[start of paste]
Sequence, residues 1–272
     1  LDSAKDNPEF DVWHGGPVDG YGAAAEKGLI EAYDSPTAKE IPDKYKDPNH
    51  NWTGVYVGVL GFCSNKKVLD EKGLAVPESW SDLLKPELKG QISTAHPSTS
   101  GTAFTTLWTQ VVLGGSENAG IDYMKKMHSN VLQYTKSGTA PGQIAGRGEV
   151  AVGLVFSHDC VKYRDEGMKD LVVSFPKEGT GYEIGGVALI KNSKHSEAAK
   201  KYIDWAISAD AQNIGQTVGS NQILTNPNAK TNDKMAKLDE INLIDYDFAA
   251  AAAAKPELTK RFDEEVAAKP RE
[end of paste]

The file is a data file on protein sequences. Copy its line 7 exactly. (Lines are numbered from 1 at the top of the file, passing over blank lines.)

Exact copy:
   251  AAAAKPELTK RFDEEVAAKP RE